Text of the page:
Apple is said to be directing engineering and sales talent from its iAd business, which currently supports mobile display advertising run by Apple on iOS, to help further its new music service offering, which is rumored to be free and ad-supported. Businessweek claims that Apple will unveil the service next week, backing up what we heard yesterday, and that Apple is changing its in-house ad strategy to help businesses build campaigns that address customers as they listen to songs on the new service.
The new report also establishes a timeline for the launch of the “iRadio” service, as the press have dubbed Apple’s streaming plans. It reportedly won’t become available for use by the general public until later this year when iOS 7 is released, Businessweek reports. That’s likely to happen in the fall to coincide with the introduction of a new iPhone expected around that time.
That timeline makes sense, as it doesn’t look like Apple has worked out all the licensing rights for the streaming service just yet, so a release next week would be premature. The company has also pretty generally kept its release of other new media features like iTunes in the Cloud timed to the launch of a new OS, since they likely require more than just a simple app update to integrate deeply with iOS and become a system-wide tool.
Apple is said to be essentially adapting Pandora’s business model for use with its own streaming music service in the new report, and to de-emphasize its current iAd aim of in-app display advertising. The iAd business, which is helmed by Apple SVP Eddy Cue, hasn’t exactly been a break-out hit; Apple has had to cut pricing and change its strategy with the service in the past. Cue is said to be heading up the new change in direction, and the ads on the mobile music service will enable users to stream an unlimited library of content for free.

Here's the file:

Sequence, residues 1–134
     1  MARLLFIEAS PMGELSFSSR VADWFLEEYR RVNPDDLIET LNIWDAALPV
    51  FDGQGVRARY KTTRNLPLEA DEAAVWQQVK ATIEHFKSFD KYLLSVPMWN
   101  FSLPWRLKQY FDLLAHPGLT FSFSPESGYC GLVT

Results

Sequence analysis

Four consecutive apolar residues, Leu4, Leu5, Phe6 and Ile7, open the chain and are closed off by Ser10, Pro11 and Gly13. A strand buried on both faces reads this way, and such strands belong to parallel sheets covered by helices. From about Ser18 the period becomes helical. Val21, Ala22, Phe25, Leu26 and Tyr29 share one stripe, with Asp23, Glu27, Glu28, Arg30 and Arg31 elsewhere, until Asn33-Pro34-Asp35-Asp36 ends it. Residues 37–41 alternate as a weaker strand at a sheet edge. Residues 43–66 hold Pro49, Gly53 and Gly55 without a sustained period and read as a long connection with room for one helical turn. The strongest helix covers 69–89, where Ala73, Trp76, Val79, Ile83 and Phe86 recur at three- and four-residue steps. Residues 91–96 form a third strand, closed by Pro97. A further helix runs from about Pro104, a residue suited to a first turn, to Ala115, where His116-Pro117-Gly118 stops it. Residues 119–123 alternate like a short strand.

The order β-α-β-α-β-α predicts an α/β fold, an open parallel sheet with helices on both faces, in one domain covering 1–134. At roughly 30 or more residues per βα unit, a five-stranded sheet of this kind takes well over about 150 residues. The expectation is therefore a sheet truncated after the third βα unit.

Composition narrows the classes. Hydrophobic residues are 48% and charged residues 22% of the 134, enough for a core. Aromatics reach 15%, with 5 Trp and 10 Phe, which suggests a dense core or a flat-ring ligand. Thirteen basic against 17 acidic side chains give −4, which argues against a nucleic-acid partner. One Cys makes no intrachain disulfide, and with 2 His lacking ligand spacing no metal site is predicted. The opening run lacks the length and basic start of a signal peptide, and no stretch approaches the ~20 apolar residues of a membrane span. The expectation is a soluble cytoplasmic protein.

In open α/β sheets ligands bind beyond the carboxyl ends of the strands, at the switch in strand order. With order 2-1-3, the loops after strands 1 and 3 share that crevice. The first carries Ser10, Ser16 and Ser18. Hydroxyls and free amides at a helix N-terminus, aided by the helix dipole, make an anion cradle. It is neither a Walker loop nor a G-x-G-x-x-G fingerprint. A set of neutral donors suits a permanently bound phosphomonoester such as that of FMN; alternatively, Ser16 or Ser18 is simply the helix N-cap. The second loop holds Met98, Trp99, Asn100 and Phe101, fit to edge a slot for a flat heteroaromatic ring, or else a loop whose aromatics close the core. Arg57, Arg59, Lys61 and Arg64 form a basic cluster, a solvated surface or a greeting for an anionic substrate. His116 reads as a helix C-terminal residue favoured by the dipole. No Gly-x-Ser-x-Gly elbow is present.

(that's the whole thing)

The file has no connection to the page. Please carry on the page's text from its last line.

The streaming selection will be based on a user’s tastes, Businessweek says, with users able to create a station based on a specific song or an artist, and it can pull from a user’s iTunes library to generate suggestions and also offer easy purchase of songs users like. Apple will select a few specific launch advertising partners for the streaming service, and will also continue to use iAd to sell in-app advertising, too, according to the report.
Apple launching a streaming service makes sense, given that Google has just launched its own. Google’s All Access offering is paid, however, not free, and it seems like Apple’s will be based around a model much closer to Pandora, which is likely why Pandora’s stock fell 11 percent by market close yesterday, as rumors of an imminent iRadio launch took root.